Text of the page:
And I was right. I loved it.
My weird thought today is: is there an element of truth behind the philosophy of this film or is it all just made up?
Reading up on this film on the Internet after returning home, I find out that the writer and director, Pete Docter, first approached psychologists five years ago to talk about his idea for this film. The premise of the film is the story of how an 11-year old girl deals with moving house from Minnesota to San Fransisco. Most of the film happens inside her head and the main characters are five emotions: anger, disgust, joy, sadness and anger. While she is coming to terms with the move, the emotions in her head have quite an adventure.
There are in fact more than five emotions in our heads, as science sees it, but Pete Docter decided that the film would only tackle five of them. (Others include surprise, courage, anticipation, pride, trust, guilt, love and envy.)
What I found interesting about the film is that sadness turns out to be the hero of the film. This is the emotion that shows the girl how she can get through the stress and sadness she feels about moving across the country. All through the film the viewer expects joy to be the hero as logic dictates this to be so, and in fact for the majority of the film joy indeed leads the way. We expect the message of the film to be that if we embrace the positive of life we will find happiness (as that is what we are often told in the real world). However, the real point of the film is to illustrate that we need to embrace sadness in order to move on to a place where joy can be found. In my experience, I have found this to be true. I love a good cry and until you go down, you cannot get back up.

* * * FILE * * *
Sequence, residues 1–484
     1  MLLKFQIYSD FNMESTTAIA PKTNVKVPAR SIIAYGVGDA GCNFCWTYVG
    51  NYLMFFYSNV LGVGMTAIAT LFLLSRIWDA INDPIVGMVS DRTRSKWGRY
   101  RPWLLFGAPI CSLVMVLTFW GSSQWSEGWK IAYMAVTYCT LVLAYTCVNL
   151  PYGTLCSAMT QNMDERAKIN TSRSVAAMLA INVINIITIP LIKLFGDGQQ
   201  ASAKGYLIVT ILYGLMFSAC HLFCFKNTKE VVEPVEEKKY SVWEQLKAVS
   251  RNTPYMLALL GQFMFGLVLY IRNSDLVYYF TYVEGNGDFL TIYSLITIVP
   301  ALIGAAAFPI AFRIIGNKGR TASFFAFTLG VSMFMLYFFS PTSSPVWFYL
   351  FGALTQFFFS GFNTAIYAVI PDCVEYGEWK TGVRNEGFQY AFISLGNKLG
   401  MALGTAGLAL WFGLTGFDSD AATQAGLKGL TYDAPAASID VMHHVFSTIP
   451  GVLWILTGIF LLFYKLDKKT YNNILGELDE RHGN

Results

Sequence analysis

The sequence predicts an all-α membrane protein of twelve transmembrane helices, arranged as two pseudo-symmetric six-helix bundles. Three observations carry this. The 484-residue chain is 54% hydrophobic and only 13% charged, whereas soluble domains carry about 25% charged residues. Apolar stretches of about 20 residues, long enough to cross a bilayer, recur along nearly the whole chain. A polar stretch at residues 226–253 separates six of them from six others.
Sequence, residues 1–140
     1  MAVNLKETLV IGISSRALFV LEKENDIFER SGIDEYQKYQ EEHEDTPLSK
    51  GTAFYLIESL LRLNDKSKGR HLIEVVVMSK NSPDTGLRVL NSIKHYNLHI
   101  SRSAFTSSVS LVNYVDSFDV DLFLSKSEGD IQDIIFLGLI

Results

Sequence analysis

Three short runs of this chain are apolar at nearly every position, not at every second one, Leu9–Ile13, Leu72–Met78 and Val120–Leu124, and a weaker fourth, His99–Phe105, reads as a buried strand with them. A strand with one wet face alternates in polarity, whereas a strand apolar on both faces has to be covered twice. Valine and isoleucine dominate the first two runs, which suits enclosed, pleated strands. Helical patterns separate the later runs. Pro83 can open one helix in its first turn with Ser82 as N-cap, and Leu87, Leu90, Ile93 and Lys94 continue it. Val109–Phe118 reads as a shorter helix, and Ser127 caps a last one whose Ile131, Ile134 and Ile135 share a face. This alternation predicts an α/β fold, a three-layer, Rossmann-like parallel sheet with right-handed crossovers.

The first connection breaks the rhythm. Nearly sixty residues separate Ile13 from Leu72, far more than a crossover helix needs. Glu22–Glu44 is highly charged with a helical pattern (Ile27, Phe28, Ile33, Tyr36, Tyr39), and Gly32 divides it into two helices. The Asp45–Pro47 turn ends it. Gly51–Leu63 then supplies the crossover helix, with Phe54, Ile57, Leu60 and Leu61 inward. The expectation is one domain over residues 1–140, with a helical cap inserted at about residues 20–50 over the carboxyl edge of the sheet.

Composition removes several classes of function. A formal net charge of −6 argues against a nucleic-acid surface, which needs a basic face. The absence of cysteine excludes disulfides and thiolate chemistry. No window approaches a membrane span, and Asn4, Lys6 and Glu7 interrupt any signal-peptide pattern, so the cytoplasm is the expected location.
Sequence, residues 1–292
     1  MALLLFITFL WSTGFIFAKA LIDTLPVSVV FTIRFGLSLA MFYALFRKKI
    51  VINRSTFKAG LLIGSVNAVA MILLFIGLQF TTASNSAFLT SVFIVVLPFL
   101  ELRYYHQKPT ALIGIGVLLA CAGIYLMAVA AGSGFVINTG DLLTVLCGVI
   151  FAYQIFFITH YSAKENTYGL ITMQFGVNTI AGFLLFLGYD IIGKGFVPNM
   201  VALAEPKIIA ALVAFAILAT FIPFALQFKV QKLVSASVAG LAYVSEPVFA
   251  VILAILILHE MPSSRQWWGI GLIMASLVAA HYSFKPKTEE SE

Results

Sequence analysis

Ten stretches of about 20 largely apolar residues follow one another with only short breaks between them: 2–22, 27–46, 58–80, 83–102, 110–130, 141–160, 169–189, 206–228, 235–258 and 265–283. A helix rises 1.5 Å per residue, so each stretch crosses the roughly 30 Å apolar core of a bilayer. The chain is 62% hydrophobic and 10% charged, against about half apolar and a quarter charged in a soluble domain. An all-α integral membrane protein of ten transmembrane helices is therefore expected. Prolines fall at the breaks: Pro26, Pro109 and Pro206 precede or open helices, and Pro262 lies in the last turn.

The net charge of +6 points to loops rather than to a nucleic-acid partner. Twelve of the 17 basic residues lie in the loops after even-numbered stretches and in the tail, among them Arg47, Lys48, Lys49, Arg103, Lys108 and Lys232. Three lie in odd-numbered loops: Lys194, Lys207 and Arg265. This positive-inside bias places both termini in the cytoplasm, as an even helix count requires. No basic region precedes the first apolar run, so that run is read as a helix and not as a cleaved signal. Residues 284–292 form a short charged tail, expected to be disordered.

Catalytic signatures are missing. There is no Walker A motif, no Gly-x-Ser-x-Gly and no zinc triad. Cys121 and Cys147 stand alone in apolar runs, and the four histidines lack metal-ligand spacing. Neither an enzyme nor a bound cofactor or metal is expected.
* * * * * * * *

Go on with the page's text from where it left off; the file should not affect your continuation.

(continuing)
I also like the association of colour to emotion in the film. It might seem obvious but it is important. Joy is yellow, sadness is blue, fear is purple (interestingly), anger is red (obviously) and disgust is green (the colour we turn when we are about to vomit). The film also seems to associate personality with emotion. Joy is, well, annoyingly happy all the time. Sadness mopes and lives by sloth. Fear is a skinny, creepy guy with too much energy. Anger a small stocky well-built square-headed man with fire coming out of his head. As for disgust, she batters her eyelids in horror at the mere mention of broccoli, and she does it with such disdain.
The film is colourful and clever. On one level it is a fun, heart-warming family film about love and family. On another, it is about emotion and memory, the colours and personalities that we give emotions, and how they shape our responses to events to create memories in our lives.
I feel though that it is my duty to point out one inconsistency with this film that niggled me a little bit. Riley’s emotional personalities did not resemble her at all and they were of different genders, shapes, sizes and apparent ages. Her mother and father’s emotions, as those of the dog, cat, pizza girl, school friend, all resembled their host and matched the gender. Why? I suspect it was for the sake of exaggeration. The personalities of the five main emotions were made more extreme, and noticeable, by their gender and stereotypes. The film might not have worked so well if they had all been 11-year old girls.
I suspect this film will have me thinking weird thoughts for a while.
Keltner D. and Ekman P. ‘The Science of Inside Out’ July 3 The New York Times 2015.